JWS Fall Series Highlights Innovative Work on Place-Based Exposures, Environmental Health, and Domestic Violence


Through its fall session of the Jane Wilson Smith (JWS) Lectureship Series, MAC brought two visiting scholars to share their innovative research on the health impacts of harmful environmental and place-based exposures, and supported a training workshop on domestic violence prevention and care for public health practitioners in the greater New Orleans area.

MAC was thrilled to host Dr. Pauline Mendola to open the JWS fall season. Dr. Mendola is an investigator at the Eunice Kennedy Shriver National Institute of Child Health and Human Development at the National Institutes of Health. She shared findings from her large body of work on environmental factors that impact pregnancy health, especially for women with asthma. Her talk, “Developmental effects of air pollution and maternal asthma: obstetric and neonatal risks with long-term consequences” described how women with asthma may be more susceptible to the negative effects of exposure to air pollution and temperature extremes, experiencing greater risk of still birth, pregnancy complications, and adverse birth outcomes, compared to women without asthma. Dr. Mendola’s ongoing B-Well-Mom study (which follows 500 women from their first trimester of pregnancy to 4 months postpartum) will continue to provide insight into our understanding of the ways in which environmental factors predict poor asthma control during pregnancy and fill gaps in our knowledge of the basic immunology of pregnancy.

MAC faculty and staff were also delighted to host social epidemiologist Dr. Chris Morrison with the University of Pennsylvania’s Injury Science center for a special JWS presentation of his work regarding the impact of neighborhood alcohol environments on alcohol consumption and other health behaviors. Dr. Morrison’s research is on the forefront of innovative approaches to measuring neighborhood contexts and their effects residents’ health. Previous research on neighborhood influences on health have relied on conventional approaches to measure place-based exposures, typically utilizing census tract administrative boundaries as a proxy for residential neighborhood. However, residential location may not be the most relevant space affecting health outcomes as individuals are exposed to multiple neighborhood contexts as they go about daily activities. In response to these limitations, the concept of ‘activity space’ has emerged.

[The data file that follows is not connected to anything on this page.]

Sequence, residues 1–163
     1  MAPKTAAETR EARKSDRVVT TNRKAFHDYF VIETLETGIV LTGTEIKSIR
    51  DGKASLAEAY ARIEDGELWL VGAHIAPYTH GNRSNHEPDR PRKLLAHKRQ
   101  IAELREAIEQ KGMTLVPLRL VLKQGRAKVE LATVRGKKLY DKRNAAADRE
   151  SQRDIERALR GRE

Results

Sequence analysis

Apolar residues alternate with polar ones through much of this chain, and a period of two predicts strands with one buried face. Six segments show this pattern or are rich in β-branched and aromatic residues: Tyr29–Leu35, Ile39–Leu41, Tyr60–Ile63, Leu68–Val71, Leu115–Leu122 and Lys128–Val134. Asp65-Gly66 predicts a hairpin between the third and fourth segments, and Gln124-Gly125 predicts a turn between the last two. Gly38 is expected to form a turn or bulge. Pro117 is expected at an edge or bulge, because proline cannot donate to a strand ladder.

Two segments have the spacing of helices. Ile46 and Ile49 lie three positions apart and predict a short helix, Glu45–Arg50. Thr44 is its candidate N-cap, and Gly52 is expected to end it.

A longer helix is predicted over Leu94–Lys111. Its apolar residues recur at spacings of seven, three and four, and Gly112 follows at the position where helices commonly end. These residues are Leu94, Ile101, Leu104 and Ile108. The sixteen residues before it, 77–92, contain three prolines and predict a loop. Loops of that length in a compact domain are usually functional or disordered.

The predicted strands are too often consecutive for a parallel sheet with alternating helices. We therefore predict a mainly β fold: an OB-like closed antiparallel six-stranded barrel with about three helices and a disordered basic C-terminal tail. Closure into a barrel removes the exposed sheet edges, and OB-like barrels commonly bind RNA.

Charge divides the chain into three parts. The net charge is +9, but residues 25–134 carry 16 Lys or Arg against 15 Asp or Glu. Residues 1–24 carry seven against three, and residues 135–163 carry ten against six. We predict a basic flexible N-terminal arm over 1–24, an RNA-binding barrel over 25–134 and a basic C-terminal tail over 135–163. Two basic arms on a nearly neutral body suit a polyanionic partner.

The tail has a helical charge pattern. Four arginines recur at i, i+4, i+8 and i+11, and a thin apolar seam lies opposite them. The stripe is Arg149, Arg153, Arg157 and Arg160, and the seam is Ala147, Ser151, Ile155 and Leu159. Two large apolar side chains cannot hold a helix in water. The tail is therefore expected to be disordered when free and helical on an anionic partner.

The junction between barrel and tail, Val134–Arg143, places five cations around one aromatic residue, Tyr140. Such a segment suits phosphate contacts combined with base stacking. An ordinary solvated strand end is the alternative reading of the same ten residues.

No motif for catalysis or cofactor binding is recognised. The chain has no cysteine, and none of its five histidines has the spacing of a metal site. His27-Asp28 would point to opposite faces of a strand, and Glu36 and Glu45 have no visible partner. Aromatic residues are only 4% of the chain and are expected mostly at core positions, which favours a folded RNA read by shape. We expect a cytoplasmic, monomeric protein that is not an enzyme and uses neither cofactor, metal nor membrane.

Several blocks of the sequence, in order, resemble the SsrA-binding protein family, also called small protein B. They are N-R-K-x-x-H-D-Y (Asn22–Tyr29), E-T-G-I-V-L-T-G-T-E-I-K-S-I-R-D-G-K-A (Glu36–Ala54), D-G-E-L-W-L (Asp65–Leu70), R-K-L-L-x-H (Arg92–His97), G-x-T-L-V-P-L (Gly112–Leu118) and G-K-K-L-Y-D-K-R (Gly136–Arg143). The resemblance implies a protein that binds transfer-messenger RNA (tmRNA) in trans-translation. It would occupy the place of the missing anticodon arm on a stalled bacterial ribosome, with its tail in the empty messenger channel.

Activity space research examines all spaces in which daily activities occur, providing a more precise measure of place-based exposures. Methods to capture such activity space often incorporate global positioning systems (GPS) and have been utilized successful by Dr. Morrison and his colleagues. Dr. Morrison is collaborating with the MAC team and his invaluable insights are enabling MAC researchers to apply activity space methodologies with the goal of achieving a deeper understanding of how neighborhoods in Louisiana may shape the health of women, children and families.

In culmination of the fall series, MAC supported a workshop hosted by Mary E. Schulthesis, director of Crescent City Women, Infant and Children Services, Inc., and WIC staff on Domestic Violence and SIDS Awareness at the Manhattan Regional Library in Harvey. In recognition of National Domestic Violence and Sudden Infant Death Syndrome (SIDS) Awareness, the focus of the workshop addressed the effects of domestic violence on children and families.

This training event and others have been sponsored by Tulane Mary Amelia Women’s Center for many years and are also supported by the Healthy Start EPIC Center, Schulthesis said.

Rebecca Levenson, Futures Without Violence consultant, shared information about the reach of domestic trauma. The trauma not only affects the victims and their families but can also affect the emotions of case worker/therapist who provides therapy and counseling services.

One particular tool presented by Levenson was called a “FAN Communication Tool” (Facilitating Attuned Interactions). Levenson used this model to call case workers’ attention to the effects of mindful, self-regulation and empathic listening. The tool promotes collaborative discussions and exploration of a traumatic situation by the provider and client/parent. It also called attention to the importance of building understanding between therapist and client so that reflections on behaviors can promote healthy and safe living conditions for victims whether they are children or adults.